Jewish organizations that sponsor such demonstrations and petitions, such as Jewish Voice for Peace (on whose board I serve), are experiencing exponential growth. Jews are looking for ways to express their outrage at the actions of the Israeli government, and of the blind support accorded by the Jewish establishment in this country.

We are appalled by the Hezbollah rocket attacks on Israeli cities, just as we were the earlier attacks by Israel on Lebanese cities. We mourn the loss of Israeli, Palestinian and Lebanese lives equally. We are outraged by the destruction of Lebanese airports, roads and bridges, the bombing of homes and private cars, the killing of children, and the other horrors visited by the Israelis on their neighbors.

It is this kind of past Israeli behavior that gave birth to both Hamas and Hezbollah, organizations that have strengthened immeasurably in recent weeks. Israeli intransigence has made Israel a pariah state, and is the biggest enemy of all the people of the Middle East -- Arabs and Israelis alike.

Jewish American leaders work tirelessly to promote the myth of Jewish consensus. Their tactics include refusing to rent space to dissenters, threatening funding cuts when Jewish institutions question Israel's actions and canceling meetings when they suspect debate might occur. Their most ubiquitous weapon is the hurtful charge of anti-Semitism, hurled at both dissenting Jews and Gentiles.

Many Jews question Israel's policies, but are afraid to speak out in their congregations or even to their families. But the time has come for Jewish dissidents to challenge the policies of the Israeli government. In the short run these policies kill Arabs, mostly innocent civilians; in the long run, they can result only in disaster for Israelis and Jews worldwide. Our silence in this time of crisis is complicity. We need to help bring about the peace that would one day make my visit to Beirut -- and the visit of all Jews -- possible.

HENRI PICCIOTTO of Berkeley is a mathematics educator and chairman of the board of Jewish Voice for Peace. He wrote this article for the Mercury News.

© Copyright 2006 San Jose Mercury News

Tuesday, August 01, 2006

Statement from the American Friends Service Committee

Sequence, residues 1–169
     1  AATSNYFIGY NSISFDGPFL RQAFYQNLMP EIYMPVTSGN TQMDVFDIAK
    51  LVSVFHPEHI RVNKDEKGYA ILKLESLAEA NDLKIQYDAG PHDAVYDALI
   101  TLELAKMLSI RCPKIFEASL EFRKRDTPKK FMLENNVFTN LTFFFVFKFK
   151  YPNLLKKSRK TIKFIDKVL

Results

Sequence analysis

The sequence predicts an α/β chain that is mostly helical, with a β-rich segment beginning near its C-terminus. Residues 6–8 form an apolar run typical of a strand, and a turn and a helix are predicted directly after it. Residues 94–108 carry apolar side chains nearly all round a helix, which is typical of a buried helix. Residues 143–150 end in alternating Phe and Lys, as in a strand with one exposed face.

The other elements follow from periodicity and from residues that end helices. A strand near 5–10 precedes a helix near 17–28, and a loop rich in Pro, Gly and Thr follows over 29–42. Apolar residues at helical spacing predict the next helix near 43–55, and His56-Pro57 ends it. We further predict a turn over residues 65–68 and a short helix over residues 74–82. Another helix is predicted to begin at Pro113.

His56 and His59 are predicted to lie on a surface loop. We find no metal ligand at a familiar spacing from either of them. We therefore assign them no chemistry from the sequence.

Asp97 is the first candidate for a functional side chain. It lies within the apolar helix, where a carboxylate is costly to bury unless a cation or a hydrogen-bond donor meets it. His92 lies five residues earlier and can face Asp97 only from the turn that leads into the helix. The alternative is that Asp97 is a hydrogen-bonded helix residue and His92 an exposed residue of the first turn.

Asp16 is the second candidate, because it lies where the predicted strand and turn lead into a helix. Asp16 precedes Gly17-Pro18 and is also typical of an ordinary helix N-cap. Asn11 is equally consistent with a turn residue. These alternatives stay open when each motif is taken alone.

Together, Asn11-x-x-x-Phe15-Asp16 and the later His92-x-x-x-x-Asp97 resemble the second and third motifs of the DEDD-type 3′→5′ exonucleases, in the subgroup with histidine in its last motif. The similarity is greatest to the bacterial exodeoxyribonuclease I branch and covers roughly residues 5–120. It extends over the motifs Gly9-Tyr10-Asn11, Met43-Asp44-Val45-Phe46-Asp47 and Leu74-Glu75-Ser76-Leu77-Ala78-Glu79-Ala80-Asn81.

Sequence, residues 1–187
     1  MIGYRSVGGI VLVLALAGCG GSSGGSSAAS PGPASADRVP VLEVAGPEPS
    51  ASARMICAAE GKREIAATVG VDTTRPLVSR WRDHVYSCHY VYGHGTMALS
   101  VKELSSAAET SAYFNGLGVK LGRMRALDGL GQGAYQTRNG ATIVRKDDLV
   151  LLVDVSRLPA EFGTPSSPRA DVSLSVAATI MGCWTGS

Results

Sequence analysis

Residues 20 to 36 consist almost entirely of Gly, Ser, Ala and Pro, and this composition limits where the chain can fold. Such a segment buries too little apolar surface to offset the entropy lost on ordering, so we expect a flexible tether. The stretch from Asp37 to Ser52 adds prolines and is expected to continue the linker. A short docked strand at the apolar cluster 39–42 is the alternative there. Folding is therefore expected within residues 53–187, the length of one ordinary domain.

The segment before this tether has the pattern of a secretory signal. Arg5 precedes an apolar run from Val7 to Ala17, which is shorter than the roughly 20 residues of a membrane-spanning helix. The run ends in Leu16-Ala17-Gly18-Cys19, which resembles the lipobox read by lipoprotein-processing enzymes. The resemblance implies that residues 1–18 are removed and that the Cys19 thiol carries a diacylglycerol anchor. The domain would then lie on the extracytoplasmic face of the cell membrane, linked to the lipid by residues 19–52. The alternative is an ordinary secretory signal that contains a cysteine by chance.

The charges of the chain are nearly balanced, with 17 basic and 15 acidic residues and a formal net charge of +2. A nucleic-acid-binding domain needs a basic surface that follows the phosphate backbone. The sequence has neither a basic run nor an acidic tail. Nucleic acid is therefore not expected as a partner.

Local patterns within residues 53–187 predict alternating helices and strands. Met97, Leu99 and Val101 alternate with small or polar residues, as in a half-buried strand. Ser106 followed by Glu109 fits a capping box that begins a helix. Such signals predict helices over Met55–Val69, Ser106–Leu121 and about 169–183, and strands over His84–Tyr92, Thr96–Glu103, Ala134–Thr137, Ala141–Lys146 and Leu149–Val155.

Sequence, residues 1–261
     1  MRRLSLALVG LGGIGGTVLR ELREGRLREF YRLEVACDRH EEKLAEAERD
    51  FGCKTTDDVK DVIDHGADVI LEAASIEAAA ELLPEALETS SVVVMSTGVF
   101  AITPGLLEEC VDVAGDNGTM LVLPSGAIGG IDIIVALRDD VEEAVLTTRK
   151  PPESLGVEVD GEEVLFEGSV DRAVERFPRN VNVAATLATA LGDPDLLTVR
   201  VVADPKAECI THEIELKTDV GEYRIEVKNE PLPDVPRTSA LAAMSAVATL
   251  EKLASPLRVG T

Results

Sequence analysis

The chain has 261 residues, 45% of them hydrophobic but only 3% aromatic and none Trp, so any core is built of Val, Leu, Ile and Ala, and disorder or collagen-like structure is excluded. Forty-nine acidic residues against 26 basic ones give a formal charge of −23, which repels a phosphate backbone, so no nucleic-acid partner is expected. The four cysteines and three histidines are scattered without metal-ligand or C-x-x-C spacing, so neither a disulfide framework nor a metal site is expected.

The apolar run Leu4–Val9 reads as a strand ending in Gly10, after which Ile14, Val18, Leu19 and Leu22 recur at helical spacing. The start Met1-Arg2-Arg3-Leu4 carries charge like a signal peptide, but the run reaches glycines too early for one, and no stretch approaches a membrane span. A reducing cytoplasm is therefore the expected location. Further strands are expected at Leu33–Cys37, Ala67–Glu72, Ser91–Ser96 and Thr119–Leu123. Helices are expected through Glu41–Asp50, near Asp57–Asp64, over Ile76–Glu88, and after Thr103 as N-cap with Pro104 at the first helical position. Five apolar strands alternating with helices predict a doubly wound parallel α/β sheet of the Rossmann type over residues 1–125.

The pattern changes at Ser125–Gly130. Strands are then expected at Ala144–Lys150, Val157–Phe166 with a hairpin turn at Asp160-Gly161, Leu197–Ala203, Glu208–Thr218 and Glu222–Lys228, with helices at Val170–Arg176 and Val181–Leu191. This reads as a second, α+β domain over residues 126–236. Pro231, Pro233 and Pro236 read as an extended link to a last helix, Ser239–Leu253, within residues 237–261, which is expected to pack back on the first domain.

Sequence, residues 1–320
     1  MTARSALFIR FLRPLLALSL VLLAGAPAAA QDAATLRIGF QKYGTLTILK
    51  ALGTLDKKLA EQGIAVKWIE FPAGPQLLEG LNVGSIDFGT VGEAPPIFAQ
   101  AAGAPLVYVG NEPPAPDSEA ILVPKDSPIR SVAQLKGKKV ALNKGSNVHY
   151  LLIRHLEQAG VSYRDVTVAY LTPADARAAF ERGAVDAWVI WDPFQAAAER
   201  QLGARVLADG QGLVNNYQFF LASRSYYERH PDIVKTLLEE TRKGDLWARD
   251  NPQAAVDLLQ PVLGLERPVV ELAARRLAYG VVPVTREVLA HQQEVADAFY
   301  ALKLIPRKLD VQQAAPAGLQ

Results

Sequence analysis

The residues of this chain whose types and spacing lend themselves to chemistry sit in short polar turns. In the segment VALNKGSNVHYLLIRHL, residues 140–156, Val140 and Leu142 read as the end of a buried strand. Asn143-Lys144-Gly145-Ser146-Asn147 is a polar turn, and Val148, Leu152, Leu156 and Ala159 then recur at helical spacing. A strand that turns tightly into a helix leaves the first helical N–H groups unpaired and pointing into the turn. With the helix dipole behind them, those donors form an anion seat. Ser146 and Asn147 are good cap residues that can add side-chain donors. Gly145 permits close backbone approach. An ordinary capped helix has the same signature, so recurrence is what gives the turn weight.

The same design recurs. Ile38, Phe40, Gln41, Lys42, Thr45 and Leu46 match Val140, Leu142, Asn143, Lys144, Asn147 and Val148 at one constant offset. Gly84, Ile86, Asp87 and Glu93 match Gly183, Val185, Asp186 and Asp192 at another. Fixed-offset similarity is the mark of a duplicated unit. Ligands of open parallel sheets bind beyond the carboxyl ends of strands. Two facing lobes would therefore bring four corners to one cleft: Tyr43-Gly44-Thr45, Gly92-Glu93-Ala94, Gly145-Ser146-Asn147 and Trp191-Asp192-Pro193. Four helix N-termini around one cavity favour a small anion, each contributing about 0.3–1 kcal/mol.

A Statement Issued by the American Friends Service Committee (AFSC)
Board of Directors, July 21, 2006

Philadelphia — We view the unfolding tragedy in the Middle East with moral and spiritual repugnance. The destruction of precious human lives must end immediately.

We mourn the loss of life in Gaza, Israel, and Lebanon and we affirm the courage of those who daily face the devastation of war. We stand with the people who will live to endure war’s physical and psychological damage. We affirm the right of all people in the region to live in peace and security.

Military action only encourages future violence as hearts are hardened and voices of conciliation are shouted down. The violence must end immediately and unconditionally.
? We call upon the United States government to act at the highest level to bring about an immediate ceasefire and to create an appropriate environment for negotiations.

? We encourage the international community, especially the European Union, the United Nations, and the Arab League, to use their good offices to secure a ceasefire, start a negotiation process, and put in place a mechanism that can help preserve peace along the Israeli-Lebanese border, in the Gaza Strip, and in the West Bank.

? We renew our call that all countries, including the United States, stop sales and transfers of arms to the region.

? We support the state of Lebanon in gaining control of its own territory and sovereignty.

? We ask the leaders of Hezbollah and Hamas to end their missile bombardments of Israeli civilians.

? We ask the Government of Israel to cease immediately its attacks on Lebanon and to pull its forces out of Gaza. We further call on the government of Israel to re-open points of entry to the Gaza Strip and to allow the free flow of desperately needed food, medicines, and other humanitarian supplies.

Israel’s sustained air and threatened ground attacks against civilian populations and infrastructure have caused the deaths of hundreds of civilians and the displacement of hundreds of thousands. Neither Israel’s sustained attacks against civilian populations in Gaza and Lebanon, nor Hezbollah’s rocket attacks against civilian targets in Israel, can be justified on the grounds of self-defense.

As a Quaker organization working to promote peace and allay suffering in the region since 1948, AFSC knows that peace does not come from war. A real and enduring peace for all people of the region will come only from a rejection of violence and a framework for regional and shared security.

— Approved by the American Friends Service Committee Board of Directors, Friday, July 21, 2006.

The American Friends Service Committee is a Quaker organization that includes people of various faiths who are committed to social justice, peace and humanitarian service. Its work is based on the belief in the worth of every person and faith in the power of love to overcome violence and injustice.